This summer, senior media studies major Lexie McNinch and alumnus Christopher Francis ’20, former Foghorn sports editor, participated in the flurry of creativity that sprouted from six months of suppressed social interaction and stifled physical movement. Their short film, “Drained,” is under consideration for acceptance to multiple film festivals and has already won Best Student Film at the Couch International Film Festival. “That one was also IMDb eligible, so now all three of us have IMDb pages connected to ‘Drained,’” Francis said, meaning the film was “of public interest” according to IMDb. Inspired by the redundancy of shelter-in-place, McNinch wrote and Francis produced a short film that is a sign of the times.
The film begins with the painfully consistent cloink-ing of droplets on metal and ends with a scene that could be from a high-quality thriller. There’s no dialogue for the entire two minutes and 50 seconds, and the only face we see is that of alumnus Sarah Medley ‘20 — entirely anguished.
The sentiment for the film came from McNinch’s personal experience, which she drew on when Francis asked her to write the piece. “Over quarantine, I became very comfortable with not leaving the house, however I picked up this habit of listening to all the subtle songs around me. The more I listened however, the harder it was for me to physically sleep at night,” McNinch said in an email. “I wrote ‘Drained’ because I wanted to exaggerate how infuriating it is to listen to a single constant noise, when you need silence.”
The film was shot and edited from Francis’ apartment, which highlighted the ironic challenges of producing a film about quarantine, during quarantine. “The biggest challenge came from light,” Francis said in an email, “I don’t have my own set of film lights, so to make sure each shot was lit consistently required filming them all around the same time.” Francis also labored over finding the perfect cloink sound to set the audience, and main character’s, teeth on edge.
When it came to casting, however, Francis got lucky. He and Medley, who both have a passion for acting, are roommates and best friends. “I really just walked into her room carrying the script and some back-of-the-napkin storyboards and was like, ‘You wanna do this?’” Francis said.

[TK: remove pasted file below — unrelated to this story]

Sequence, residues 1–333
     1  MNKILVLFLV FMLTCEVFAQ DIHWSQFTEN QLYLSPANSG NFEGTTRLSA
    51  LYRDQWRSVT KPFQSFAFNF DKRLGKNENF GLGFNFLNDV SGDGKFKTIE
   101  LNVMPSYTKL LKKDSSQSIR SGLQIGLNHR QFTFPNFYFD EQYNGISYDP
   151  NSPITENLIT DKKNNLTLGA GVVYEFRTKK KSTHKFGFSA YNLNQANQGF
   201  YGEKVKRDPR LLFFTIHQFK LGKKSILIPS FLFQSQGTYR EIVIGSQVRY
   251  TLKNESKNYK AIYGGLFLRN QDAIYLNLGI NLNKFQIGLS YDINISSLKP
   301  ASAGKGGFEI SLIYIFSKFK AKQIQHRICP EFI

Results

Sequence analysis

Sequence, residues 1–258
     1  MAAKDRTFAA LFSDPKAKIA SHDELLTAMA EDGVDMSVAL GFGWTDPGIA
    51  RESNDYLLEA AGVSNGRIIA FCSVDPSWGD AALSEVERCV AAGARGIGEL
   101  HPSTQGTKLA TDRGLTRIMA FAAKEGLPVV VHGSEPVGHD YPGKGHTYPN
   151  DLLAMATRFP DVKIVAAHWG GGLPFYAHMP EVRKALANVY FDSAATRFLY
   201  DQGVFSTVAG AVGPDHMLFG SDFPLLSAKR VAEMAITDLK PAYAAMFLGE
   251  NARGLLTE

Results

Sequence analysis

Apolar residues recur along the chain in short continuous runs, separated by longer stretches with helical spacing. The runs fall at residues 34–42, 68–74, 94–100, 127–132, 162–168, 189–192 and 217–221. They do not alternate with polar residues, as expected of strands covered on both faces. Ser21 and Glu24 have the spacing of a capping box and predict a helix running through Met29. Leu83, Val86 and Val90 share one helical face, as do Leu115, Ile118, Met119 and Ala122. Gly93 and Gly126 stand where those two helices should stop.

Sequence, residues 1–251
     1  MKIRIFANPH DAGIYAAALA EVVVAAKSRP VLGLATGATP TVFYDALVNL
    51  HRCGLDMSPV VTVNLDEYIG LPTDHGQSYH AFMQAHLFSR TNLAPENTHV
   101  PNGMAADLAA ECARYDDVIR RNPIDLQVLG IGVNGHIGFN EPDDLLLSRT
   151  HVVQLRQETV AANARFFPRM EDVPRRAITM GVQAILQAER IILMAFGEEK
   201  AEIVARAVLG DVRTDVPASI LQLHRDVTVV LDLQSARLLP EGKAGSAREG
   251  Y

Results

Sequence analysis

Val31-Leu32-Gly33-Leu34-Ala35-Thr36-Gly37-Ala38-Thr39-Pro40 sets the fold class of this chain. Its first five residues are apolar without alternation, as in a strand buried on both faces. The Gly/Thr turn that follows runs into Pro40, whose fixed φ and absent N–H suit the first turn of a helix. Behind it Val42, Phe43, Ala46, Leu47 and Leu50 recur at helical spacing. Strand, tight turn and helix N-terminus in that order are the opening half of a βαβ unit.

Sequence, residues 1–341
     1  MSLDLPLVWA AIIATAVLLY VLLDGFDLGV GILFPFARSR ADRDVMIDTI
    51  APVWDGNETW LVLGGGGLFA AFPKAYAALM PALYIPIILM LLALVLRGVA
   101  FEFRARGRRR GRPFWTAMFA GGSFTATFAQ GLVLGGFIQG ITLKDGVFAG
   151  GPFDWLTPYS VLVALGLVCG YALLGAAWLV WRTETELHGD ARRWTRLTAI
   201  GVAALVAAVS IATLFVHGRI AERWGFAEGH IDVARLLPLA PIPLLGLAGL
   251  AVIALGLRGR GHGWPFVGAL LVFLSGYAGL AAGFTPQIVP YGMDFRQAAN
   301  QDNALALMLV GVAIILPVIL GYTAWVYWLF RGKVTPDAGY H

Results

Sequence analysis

Medley also drew on her own experience to play the role, recalling how she felt at the start of quarantine with no clear end in sight. “I remember being irritable, perpetually exhausted, lonely, and on edge,” she said. The character, named Alex only on paper, is at her lowest point. “She’s teetering on the brink of desperation. She just needs the dripping to stop, just needs the whole thing to be over,” Medley said. “‘Drained’ is a product of what COVID-19 was like for many, many people.”
To express that sentiment without dialogue, Medley relied on a director’s note: use her eyebrows. “I knew I had to translate her emotions into something that could be seen,” she said. “I think about drawing a smiley face on a piece of paper: if you change the eyebrows, the emotion of the face changes drastically and that change is understood universally.”
The message of “Drained” is indeed universal, demonstrated by the poignant themes of the festivals it’s been submitted to. While Francis and McNinch wait to hear back from the Hellbender and Nightmares film festivals in September, they’ve been accepted to the COVIDaVinci Film Festival and the Online Isolation Shorts Film Festival. They are proud and excited, despite being declined from the Roxie Shelter-In-Place Mixtapes, “which is kind of funny, but has kept us humble,” Francis said.
“Drained” will remain private and unlisted while the filmmakers wait to hear back from certain film festivals, but the link will be posted here when it becomes publicly available.